You should report all breaches of the Environment Protection Act to EPA so we can respond.

Under the Environment Protection Act 2017 (the Act) there are alternative ways breaches can be investigated. These are called third-party civil remedies.

Third-party civil remedies are an important new tool that gives the community broader access to justice.

What third-party civil remedies are

Third-party civil remedies are orders granted by the courts.

They're available to a person who is harmed, or could be harmed, by another person's failure to meet their legal obligations. This includes not meeting their general environmental duty.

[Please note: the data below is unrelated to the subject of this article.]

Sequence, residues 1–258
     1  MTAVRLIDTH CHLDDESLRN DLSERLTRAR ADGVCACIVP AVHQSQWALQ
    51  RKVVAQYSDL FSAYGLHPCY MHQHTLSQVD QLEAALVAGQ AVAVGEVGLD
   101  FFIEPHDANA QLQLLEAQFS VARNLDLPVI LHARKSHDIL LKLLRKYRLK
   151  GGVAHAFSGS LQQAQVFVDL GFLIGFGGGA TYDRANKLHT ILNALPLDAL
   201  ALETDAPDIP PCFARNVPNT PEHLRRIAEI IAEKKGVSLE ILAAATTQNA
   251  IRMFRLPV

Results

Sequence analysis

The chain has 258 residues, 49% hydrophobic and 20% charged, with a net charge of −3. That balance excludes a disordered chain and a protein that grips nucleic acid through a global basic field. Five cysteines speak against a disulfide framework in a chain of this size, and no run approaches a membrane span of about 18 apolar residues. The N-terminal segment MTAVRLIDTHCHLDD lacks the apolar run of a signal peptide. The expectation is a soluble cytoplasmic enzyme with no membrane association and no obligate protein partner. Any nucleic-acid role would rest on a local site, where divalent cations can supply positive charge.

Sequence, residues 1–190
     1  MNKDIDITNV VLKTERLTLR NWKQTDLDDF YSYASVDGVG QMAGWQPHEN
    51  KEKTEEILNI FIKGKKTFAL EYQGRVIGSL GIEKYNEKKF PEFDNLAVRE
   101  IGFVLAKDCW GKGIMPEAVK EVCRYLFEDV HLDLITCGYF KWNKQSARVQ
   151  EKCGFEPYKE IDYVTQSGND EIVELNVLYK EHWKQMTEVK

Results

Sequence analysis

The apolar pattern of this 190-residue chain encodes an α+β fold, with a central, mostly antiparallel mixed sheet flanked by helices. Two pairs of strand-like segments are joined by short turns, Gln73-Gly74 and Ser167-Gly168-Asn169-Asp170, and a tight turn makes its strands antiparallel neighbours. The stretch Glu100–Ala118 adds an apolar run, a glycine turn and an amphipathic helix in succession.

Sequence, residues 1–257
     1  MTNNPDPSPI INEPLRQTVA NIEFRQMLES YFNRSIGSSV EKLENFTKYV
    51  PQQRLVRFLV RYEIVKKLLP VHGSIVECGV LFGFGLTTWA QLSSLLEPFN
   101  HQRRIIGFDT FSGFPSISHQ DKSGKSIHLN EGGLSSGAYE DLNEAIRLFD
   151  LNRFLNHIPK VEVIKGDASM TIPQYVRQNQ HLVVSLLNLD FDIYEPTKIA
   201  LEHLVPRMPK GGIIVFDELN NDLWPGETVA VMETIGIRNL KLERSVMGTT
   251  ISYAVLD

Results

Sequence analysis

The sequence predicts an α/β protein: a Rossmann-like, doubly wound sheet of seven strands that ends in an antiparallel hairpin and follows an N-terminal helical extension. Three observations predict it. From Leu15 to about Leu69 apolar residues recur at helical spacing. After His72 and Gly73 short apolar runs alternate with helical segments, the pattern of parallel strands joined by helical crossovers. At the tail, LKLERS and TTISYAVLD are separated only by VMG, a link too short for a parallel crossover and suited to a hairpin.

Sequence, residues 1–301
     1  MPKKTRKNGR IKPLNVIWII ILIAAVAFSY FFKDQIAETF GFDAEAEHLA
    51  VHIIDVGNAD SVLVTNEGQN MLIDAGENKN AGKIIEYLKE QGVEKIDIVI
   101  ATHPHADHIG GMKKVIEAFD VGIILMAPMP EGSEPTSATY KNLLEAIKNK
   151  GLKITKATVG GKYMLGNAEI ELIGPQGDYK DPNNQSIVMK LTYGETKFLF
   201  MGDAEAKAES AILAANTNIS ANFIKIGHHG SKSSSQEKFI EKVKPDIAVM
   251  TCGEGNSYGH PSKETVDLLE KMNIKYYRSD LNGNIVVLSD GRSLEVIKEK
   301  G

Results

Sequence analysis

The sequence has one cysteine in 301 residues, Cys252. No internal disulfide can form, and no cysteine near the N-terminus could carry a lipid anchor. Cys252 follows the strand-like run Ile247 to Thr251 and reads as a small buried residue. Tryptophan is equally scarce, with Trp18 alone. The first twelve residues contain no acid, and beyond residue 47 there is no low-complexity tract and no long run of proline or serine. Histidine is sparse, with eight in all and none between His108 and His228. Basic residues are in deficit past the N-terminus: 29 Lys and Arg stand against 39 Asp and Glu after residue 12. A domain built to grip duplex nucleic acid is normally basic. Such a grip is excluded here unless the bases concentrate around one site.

In some circumstances the remedies also apply where it's in the public interest to address the harm.

The court can direct the person to take steps to comply with their obligations. The court may also order compensation.

How third-party civil remedies work

You must apply to the court directly to seek a third-party civil remedy when you're directly affected by a breach.

Even if you're not directly affected, you can still seek a remedy by writing to EPA and asking us to act.

If we don't act on your written request within a reasonable time, you can apply to the court to make an order for you instead. The court can only consider your application if it's satisfied it's in the public interest.

Read more about the new Act

The Environment Protection Act and the community

What the new Act means for Victorian businesses

We all have a duty to prevent harm: general environmental duty

EPA’s compliance approach

Reviewed 10 September 2020